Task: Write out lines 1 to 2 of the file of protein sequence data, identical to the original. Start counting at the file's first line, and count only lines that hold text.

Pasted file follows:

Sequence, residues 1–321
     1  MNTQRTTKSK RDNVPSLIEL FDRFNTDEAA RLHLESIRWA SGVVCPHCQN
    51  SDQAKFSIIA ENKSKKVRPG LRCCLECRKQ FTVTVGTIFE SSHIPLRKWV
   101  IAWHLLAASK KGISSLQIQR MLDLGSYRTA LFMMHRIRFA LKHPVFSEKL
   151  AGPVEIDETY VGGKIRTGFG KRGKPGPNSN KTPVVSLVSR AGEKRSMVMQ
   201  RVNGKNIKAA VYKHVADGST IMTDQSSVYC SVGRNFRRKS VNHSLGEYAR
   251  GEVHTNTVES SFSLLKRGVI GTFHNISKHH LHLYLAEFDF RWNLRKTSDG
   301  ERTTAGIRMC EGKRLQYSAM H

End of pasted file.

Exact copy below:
Sequence, residues 1–321
     1  MNTQRTTKSK RDNVPSLIEL FDRFNTDEAA RLHLESIRWA SGVVCPHCQN